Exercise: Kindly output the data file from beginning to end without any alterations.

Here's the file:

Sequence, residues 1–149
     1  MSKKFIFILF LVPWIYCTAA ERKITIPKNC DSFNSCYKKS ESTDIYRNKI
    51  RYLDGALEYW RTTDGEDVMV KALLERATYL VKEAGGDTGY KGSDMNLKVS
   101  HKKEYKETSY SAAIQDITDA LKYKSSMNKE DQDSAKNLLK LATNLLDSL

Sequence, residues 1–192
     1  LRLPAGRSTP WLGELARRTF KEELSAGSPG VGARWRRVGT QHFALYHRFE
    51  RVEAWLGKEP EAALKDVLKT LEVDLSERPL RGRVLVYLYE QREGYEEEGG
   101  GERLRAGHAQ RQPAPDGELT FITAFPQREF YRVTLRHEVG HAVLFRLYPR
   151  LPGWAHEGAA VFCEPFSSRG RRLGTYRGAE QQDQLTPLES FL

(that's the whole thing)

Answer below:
Sequence, residues 1–149
     1  MSKKFIFILF LVPWIYCTAA ERKITIPKNC DSFNSCYKKS ESTDIYRNKI
    51  RYLDGALEYW RTTDGEDVMV KALLERATYL VKEAGGDTGY KGSDMNLKVS
   101  HKKEYKETSY SAAIQDITDA LKYKSSMNKE DQDSAKNLLK LATNLLDSL

Sequence, residues 1–192
     1  LRLPAGRSTP WLGELARRTF KEELSAGSPG VGARWRRVGT QHFALYHRFE
    51  RVEAWLGKEP EAALKDVLKT LEVDLSERPL RGRVLVYLYE QREGYEEEGG
   101  GERLRAGHAQ RQPAPDGELT FITAFPQREF YRVTLRHEVG HAVLFRLYPR
   151  LPGWAHEGAA VFCEPFSSRG RRLGTYRGAE QQDQLTPLES FL